AI and the Death of Human Languages

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It’s the final throes of cosmopolitan humanity

Distance creates difference. One of the key lessons from Alex Pentland’s pioneering work in “social physics” is that the depth of connection between two people declines precipitously as they move apart. That might not seem like a particularly keen insight, but the key question is how fast a drop over what distance? His research shows that even small distances can tremendously slow the spread of ideas. Switching to an office a few doors down a hallway can lower knowledge transmission by an order of magnitude, since serendipitous meetings are circumscribed by those additional few footsteps.

Indeed, the breathtaking diversity of human culture is a direct result of the historically impossible distances of the world. A limit on the speed of transportation and communications meant that different languages and civilizations could emerge just miles apart. France, today a mostly monolingual country, was home to more than a dozen languages ranging from Occitan to Angevin. Today outside of immigrant communities, just Basque appears to have the cultural scaffolding required to sustain its community of about a million speakers.

Distance is no longer just physical, of course. From the invention of the telegraph to the internet and now to large-language AI models, technology has regularly and rapidly narrowed the distances between people. Somewhat surprisingly, the rapid diffusion of these technologies has proven to be catastrophic for smaller language communities. The internet didn’t connect these communities tighter together; generally, smaller language communities were already tight-knit. Instead, it flooded these communities with global culture from dominant languages like English, overwhelming any cultural cultivation that might have resisted the tide.

Even so, many smaller languages hang on, driven by family ties, pride, culture, religion and other forces that allow them to continue to flourish or at least weather the global onslaught. The internet also facilitated groups like the Endangered Languages Project which maps and conducts research on how to protect these at-risk languages. Despite such efforts, dozens of languages have already gone extinct in just the last decade. UNESCO predicts that 3,000 languages could disappear by the end of the century, averaging a language roughly every two weeks.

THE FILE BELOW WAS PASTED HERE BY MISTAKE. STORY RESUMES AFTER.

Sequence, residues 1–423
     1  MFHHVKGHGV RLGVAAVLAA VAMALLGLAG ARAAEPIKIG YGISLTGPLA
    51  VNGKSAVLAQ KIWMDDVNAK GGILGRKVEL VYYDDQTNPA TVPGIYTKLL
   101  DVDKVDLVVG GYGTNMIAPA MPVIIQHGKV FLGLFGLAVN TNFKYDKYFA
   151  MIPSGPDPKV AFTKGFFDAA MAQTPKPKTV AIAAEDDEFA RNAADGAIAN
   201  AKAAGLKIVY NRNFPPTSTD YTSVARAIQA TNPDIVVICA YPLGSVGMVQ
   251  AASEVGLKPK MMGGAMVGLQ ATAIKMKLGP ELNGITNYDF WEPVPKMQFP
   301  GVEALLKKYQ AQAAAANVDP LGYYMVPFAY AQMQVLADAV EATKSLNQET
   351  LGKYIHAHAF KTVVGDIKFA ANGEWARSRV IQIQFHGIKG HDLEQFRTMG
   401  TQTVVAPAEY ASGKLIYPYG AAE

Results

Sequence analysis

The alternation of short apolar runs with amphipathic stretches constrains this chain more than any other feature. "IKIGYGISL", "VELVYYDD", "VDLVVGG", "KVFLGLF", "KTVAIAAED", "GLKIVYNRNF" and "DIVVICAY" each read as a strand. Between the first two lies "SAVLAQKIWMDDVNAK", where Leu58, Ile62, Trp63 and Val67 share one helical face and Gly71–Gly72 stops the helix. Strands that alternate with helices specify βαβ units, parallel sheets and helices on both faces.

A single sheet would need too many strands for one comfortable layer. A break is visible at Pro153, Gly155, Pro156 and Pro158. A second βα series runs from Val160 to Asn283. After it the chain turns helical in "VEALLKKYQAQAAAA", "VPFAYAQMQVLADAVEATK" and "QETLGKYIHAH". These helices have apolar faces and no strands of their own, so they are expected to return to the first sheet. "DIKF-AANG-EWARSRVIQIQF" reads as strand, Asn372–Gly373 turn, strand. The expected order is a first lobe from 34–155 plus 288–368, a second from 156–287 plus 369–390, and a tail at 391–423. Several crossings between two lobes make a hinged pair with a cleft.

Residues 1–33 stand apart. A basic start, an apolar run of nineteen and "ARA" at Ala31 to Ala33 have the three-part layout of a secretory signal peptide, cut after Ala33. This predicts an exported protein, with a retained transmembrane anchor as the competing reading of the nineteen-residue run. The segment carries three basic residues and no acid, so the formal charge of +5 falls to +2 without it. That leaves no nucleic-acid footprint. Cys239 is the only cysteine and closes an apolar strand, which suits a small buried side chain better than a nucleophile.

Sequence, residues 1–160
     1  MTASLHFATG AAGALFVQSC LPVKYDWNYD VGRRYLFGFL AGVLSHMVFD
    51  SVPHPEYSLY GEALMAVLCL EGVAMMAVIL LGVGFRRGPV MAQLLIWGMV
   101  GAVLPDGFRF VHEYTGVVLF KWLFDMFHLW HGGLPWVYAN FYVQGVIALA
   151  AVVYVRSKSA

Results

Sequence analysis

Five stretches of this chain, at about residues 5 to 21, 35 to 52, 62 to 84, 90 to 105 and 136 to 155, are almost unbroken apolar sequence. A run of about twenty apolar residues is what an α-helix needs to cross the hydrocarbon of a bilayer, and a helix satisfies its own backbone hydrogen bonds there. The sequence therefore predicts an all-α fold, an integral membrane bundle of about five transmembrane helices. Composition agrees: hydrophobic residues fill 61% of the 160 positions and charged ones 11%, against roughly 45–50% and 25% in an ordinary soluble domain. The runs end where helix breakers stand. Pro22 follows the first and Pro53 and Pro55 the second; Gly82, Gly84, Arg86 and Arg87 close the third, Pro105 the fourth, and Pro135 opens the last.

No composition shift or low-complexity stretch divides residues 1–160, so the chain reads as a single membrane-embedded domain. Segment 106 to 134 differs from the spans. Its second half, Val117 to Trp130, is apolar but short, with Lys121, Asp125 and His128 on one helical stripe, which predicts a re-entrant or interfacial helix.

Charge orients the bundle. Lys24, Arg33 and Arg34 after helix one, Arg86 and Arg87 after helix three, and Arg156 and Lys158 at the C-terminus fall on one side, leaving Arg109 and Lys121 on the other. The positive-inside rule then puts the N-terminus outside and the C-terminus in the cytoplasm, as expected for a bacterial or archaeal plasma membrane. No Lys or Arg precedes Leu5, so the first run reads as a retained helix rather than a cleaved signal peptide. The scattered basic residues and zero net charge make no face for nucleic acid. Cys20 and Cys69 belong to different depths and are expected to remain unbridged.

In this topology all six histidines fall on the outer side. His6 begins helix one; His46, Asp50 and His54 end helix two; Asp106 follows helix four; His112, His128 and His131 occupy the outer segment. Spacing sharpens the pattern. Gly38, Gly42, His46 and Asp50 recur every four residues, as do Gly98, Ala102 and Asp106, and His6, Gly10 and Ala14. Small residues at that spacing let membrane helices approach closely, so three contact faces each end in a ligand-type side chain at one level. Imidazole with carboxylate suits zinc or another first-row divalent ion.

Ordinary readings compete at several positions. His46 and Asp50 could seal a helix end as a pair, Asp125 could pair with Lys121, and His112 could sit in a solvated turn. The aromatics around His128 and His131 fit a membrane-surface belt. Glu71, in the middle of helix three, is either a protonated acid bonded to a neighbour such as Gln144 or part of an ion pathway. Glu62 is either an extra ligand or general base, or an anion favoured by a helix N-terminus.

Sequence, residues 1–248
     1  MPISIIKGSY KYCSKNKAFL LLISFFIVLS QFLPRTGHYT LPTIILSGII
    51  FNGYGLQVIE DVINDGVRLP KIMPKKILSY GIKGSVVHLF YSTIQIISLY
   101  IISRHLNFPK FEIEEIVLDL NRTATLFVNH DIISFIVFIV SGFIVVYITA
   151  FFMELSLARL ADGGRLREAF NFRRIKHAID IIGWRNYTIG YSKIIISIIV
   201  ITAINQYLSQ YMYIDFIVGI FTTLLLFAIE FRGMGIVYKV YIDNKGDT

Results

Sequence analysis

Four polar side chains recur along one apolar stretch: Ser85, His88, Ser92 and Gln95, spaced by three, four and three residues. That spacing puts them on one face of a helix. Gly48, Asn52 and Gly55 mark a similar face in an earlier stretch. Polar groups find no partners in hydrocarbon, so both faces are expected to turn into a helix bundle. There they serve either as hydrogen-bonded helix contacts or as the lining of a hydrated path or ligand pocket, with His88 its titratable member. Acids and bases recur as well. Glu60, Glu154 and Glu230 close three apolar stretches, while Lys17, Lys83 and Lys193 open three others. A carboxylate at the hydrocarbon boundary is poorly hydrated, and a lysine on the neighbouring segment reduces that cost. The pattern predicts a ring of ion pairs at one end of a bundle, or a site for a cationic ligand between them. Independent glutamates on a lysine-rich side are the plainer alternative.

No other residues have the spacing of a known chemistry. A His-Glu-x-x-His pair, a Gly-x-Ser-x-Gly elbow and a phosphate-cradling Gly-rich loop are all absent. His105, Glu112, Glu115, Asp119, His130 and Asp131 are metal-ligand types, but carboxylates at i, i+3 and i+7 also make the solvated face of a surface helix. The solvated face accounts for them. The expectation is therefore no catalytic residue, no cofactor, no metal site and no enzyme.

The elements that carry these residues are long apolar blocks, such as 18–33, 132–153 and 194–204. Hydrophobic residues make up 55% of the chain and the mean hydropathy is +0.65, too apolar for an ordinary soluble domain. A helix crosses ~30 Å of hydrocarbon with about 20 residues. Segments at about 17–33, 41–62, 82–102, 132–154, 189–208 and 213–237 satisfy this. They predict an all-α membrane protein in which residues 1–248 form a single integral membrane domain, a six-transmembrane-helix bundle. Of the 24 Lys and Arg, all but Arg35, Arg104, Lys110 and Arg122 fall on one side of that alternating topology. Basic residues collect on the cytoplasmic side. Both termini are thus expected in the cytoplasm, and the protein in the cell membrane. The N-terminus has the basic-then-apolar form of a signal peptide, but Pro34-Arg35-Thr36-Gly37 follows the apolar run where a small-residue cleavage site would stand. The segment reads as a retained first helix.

Yet, even that dire prediction predates the sudden widespread popularity of large-language models since OpenAI’s ChatGPT debuted in November 2022. The key word to emphasize with large-language models is, of course, “large.” Training an LLM requires petabytes of text, audio and video available in a machine-readable format, an aggregate cultural output that only a few dozen languages have accumulated out of thousands spoken globally. For other languages, the LLM route is all but closed.

Last week, a group of researchers published IrokoBench on Arxiv, a new set of benchmarks for evaluating AI performance on 16 African languages that cover all regions of the continent. For example, Igbo, a language predominant in Nigeria, is spoken by roughly 31 million people, while Oromo, a language spoken by people in Ethiopia and Kenya, has roughly 45 million speakers. These are not near-dead languages, but rather thriving cultural communities.

The researchers found that leading LLMs like Meta’s open-source LLaMa 3, OpenAI’s GPT-4o and Anthropic’s Claude 3 Opus all struggled with knowledge reasoning in these languages. “On average, there is a significant performance gap between African languages and English (up to 45%) and French (up to 36%).” The researchers declare GPT-4o as the highest performance option, but they note that even it has made critical model tradeoffs. “It appears that GPT-4o’s enhancements for low-resource languages may negatively impact its performance on high-resource languages,” they wrote.

Fixing this performance gap is daunting. While these languages are spoken by tens of millions of people, a lack of literacy driven by poverty and slow economic development in their home countries limits the written text available to train LLMs. That immiseration also hinders the growth of digital infrastructure, preventing these cultures from expressing themselves online in a way that could be ingested into a dataset. Millions of people are speaking these languages every day, but none of that valuable data is being captured in a way that can be fed into an AI training algorithm.